Ministry reverses decision on insulated fish boxes

The STAR online

Monday March 9, 2009

By SYED AZHAR, MANJIT KAUR, CHRISTINA TAN, YENG AI CHUN and YUEN MEIKING

JELI: The controversy over the fish container ruling ends after Agriculture and Agro-Based Industry Minister Datuk Mustapa Mohamed stepped in to settle the dispute.

The minister yesterday announced to rescind – with immediate effect – the decision compelling the use of insulated fish containers sourced only from one supplier.

“I had a meeting with several importers recently. With immediate effect, the importers can use the insulated containers on a voluntary basis.

“Those using the boxes can expect incentives from the Government next week. So, the issue over the containers is now considered closed,” Mustapa told reporters after launching the national-level Veterinary Month 2009 at Puapatani R&R here yesterday.

The ministry received flak from the importers following the move which was enforced on March 1.

In 2006, the Malaysian Fisheries Board (LKIM) had come up with the ruling on the use of insulated containers but put it off following strong objections from fish importers as it led to higher operating costs.

Mustapa said his ministry was trying its best for years now to implement the directive as it wanted to increase the quality of imported fishes.

In Kuala Lumpur, Klang Hai Sai Fish Importer Association committee member Tan Chee Meng said, with this new development, there should not be any more protests from fish importers.

“Everything should return to normal soon. There should not be any reason for prices to increase,” he said.

Last week, there was a shortage of fish, and prices soared between 20% and 30% in several markets nationwide after fish importers, exporters and wholesalers went on strike to protest the use of the insulated containers.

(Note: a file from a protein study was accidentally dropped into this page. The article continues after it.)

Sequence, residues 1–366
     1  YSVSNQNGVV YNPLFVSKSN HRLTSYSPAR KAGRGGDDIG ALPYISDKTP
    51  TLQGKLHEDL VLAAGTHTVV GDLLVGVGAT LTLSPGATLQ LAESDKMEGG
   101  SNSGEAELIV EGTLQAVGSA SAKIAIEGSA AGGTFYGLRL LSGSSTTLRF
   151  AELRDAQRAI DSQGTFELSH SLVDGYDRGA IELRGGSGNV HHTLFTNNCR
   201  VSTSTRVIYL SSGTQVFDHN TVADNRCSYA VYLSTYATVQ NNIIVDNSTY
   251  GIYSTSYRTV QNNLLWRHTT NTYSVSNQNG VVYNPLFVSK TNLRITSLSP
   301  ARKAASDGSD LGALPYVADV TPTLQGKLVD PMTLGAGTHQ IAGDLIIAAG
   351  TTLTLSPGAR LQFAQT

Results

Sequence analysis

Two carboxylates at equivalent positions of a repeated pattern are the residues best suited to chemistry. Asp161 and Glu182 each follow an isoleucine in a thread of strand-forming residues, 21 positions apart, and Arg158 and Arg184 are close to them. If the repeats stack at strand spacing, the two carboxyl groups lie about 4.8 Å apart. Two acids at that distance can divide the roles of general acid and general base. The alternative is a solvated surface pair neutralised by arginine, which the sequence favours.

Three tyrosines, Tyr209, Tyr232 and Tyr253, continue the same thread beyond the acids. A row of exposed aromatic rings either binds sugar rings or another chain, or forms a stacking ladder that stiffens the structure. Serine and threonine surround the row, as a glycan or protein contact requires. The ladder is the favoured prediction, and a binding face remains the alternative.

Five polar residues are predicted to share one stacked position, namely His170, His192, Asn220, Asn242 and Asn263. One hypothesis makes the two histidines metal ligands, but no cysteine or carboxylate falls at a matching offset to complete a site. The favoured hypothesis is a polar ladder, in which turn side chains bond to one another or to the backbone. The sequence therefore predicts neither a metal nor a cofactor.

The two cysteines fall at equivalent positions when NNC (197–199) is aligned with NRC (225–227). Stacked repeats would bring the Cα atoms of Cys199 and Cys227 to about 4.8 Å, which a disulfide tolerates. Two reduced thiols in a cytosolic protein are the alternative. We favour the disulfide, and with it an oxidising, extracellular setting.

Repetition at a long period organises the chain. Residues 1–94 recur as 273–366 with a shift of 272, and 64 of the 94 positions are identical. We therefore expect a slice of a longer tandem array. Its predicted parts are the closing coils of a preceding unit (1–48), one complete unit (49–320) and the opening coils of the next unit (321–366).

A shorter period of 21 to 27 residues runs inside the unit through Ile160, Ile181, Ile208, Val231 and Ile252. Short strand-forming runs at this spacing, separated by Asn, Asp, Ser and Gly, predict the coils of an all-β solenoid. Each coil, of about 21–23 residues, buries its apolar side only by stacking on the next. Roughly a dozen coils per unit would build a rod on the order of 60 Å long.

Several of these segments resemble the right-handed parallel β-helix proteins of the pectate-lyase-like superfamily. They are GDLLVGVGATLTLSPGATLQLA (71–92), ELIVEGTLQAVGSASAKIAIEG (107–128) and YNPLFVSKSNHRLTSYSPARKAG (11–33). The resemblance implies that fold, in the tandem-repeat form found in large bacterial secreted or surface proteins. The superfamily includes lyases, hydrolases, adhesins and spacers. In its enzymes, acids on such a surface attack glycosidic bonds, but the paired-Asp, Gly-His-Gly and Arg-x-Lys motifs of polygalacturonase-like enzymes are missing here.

In George Town, Fishermen Association (southern district) chairman Arshad Omar assured customers the old containers were also of good quality.

“There will no longer be any strikes by fishermen, and there will be enough supply of fish nationwide.

“Although there is no problem in Penang, the new move is definitely good news,” he added.

In Kuala Selangor, fish importer Lee Kim Heng said there was no need at all for the use of the insulated containers.

“Imported fish have to be screened by the Health Department at the port, and this gives assurance of hygiene and freshness,” he said.

Lee said, in the current dire economic situation, the Government should be helping importers obtain better quality containers at a reasonable price instead of more expensive boxes.

Lee added that the new 200-litre blue container costs RM205, compared to RM130 for the 220-litre box in use now.

He had used the same 220-litre containers to transport fish to Singapore and Thailand without facing any problem.

Lee, who had protested against the decision to use insulated fish containers last week, said he would return to work today.

Taman Tun Dr Ismail pasar malam fishmonger Oeng Beng Yang, 42, said the decision would bring back the supply and push prices down in a few days’ time.

Another fishmonger Jimmy Guai, 35, said this meant that the cost of buying new insulated containers would not be transferred to consumers.

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